The first thing to think about is college. College is the best time to specialize in optometry, so choose carefully! If you plan on specializing in contact lenses or low vision, you may want to consider a smaller school. There are only a few programs available, and they are often better than the larger schools. Contact lens students will benefit from obtaining hands-on experience by spending time with practicing optometrists during their time at college. These experiences are invaluable for getting familiar with the profession and figuring out if it’s something that interests you! Low vision students will do well to take courses on low vision rehabilitation during their undergraduate years as well as clinical hours working with low vision patients. If possible, try to get some experience working directly with blind people during your college career—they love talking about their experiences and sharing what they’ve learned through life experiences! Make sure you do well in school! The more prepared you are when starting your residency program after graduation, the better off you’ll be when it comes time for exams or practicals/internships after graduation! Be aware of what your most difficult classes will be once entering into them—if there are professors who have difficulty grading exams fairly or giving good feedback on written assignments (written reports), then try not to sign up for too many classes taught under those professors. The cool-looking glasses may be tempting, but taking classes taught by professors you don’t like is never a good way to spend your time.
Once you graduate from college, it’s time for residency! Residency is the most important part of becoming an optometrist. Most schools will have clinical programs that are affiliated with hospitals or clinics in the area where they are located, so look at those closely when choosing which school to attend! If possible, avoid schools whose clinical sites are too far away from each other—this can make your days very long if you have to travel across town every morning and evening! Most schools will offer some sort of financial assistance during residency—be sure to take advantage of this assistance if it’s there! Try not to get yourself into debt unnecessarily just because you don’t want financial assistance. Work hard during residency and keep your grades up as much as possible. You’ll need all As for internship placement later on down the line after graduation! During these years, stay close with classmates who share your interests. You’ll make lifelong friends this way, and it will be fun to have someone to go out with on the weekends! Make sure you remember why you wanted to do this in the first place. It’s not always easy being an optometrist, but try your best!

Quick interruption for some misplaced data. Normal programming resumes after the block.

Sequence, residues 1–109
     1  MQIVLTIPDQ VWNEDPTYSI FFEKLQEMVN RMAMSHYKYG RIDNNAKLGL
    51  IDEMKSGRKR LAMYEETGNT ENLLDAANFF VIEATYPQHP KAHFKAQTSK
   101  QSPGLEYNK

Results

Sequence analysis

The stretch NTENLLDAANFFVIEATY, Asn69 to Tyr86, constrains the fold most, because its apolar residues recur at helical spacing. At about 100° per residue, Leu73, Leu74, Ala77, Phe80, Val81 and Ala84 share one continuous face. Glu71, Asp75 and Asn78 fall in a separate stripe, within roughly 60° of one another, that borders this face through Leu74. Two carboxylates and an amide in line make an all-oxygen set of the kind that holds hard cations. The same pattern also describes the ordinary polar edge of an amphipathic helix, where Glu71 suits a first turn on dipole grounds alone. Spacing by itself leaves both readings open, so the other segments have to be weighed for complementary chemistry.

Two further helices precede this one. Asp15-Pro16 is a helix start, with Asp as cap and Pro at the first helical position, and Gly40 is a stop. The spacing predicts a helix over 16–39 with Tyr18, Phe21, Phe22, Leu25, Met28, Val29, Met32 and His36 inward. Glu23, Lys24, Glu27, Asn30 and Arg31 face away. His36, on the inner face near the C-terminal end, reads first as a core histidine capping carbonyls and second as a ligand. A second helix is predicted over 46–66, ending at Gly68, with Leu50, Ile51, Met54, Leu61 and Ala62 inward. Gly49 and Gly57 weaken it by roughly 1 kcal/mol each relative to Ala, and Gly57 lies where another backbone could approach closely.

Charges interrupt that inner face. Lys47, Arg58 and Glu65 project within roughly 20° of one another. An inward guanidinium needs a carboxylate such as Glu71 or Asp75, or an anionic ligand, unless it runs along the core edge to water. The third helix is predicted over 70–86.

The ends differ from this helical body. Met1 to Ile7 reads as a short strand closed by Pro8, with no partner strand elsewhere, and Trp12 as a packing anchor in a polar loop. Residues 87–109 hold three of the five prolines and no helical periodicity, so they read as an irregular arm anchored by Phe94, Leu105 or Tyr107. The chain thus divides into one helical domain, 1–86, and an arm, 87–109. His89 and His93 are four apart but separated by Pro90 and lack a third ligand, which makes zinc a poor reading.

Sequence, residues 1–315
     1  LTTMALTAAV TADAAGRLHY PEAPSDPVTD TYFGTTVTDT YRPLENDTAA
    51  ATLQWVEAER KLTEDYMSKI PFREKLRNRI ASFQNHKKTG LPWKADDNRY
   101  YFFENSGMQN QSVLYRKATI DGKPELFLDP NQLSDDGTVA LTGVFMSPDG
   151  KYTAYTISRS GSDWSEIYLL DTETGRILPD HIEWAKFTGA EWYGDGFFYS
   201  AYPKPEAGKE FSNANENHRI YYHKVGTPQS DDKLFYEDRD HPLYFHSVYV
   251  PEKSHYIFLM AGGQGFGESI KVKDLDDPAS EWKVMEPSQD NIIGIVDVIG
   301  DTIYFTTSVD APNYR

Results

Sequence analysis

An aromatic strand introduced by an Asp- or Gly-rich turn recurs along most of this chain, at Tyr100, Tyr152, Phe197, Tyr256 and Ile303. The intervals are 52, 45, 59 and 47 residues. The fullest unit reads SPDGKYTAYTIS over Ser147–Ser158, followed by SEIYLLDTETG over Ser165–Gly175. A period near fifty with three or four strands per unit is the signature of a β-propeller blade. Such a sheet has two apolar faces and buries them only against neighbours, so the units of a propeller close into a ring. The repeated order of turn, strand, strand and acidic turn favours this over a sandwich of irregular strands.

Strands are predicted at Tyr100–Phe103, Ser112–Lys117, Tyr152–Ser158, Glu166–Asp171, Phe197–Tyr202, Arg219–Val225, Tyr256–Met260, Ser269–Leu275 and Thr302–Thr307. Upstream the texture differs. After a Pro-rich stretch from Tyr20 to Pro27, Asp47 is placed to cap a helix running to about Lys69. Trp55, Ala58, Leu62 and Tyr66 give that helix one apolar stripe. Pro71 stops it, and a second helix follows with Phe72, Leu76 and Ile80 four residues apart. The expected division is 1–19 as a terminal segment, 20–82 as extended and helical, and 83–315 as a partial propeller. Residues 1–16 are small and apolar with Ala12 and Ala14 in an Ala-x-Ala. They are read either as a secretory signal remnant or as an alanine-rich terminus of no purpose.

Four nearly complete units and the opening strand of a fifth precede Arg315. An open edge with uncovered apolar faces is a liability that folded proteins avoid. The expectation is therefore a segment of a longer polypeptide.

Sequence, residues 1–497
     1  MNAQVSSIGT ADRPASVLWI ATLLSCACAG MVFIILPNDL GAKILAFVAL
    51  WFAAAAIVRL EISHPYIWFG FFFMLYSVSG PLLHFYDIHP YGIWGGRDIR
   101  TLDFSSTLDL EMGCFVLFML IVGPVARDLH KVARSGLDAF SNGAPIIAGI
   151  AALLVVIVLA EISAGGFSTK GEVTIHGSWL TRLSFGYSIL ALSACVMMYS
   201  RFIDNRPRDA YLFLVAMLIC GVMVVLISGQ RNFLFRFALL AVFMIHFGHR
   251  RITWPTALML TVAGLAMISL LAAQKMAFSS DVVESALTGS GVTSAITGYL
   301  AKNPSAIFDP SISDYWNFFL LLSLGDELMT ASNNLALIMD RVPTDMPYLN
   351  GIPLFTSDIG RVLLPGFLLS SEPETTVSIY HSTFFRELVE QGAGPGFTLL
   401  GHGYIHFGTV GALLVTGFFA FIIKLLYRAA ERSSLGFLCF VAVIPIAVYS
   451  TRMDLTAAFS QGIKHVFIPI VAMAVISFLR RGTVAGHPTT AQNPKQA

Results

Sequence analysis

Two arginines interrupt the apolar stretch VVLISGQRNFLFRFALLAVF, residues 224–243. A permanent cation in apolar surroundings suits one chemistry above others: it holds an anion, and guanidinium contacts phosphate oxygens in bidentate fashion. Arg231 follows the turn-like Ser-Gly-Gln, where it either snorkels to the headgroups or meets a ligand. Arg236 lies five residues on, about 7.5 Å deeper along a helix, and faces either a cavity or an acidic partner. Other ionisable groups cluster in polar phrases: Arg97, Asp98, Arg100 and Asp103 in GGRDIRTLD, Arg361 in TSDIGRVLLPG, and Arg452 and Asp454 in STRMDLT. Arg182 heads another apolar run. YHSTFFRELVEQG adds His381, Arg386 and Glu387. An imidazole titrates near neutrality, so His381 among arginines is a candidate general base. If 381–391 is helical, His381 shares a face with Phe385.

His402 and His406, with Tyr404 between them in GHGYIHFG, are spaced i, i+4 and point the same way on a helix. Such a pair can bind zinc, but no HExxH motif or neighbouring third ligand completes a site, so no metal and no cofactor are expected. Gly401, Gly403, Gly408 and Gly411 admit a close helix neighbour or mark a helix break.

Ahh, internship. The most difficult part of becoming an optometrist is here! You’ve done well so far—now it’s time for the final push towards graduation. Try your hardest throughout these few months because people are depending on you! It can be tough being away from home for several months at a time, so make sure you leave plenty of room in your schedule for things like exercise or even just relaxing after long days at work (because let’s face it: sometimes they can be very long and stressful). If possible, try living close by or with some family members rather than renting a house by yourself—it’ll save money and help shorten those days even more since they’re not spent traveling back and forth across town all day long. If possible (and affordable), take some vacation time between finishing internship and starting residency as an extern—you deserve some R&R after such a hard few months! These years will fly by more quickly than you know it, so don’t let them slip away without enjoying them as much as possible.
I hope you enjoyed reading all of this as much as I enjoyed writing it. If you have any questions, please don’t hesitate to ask them in the comments below!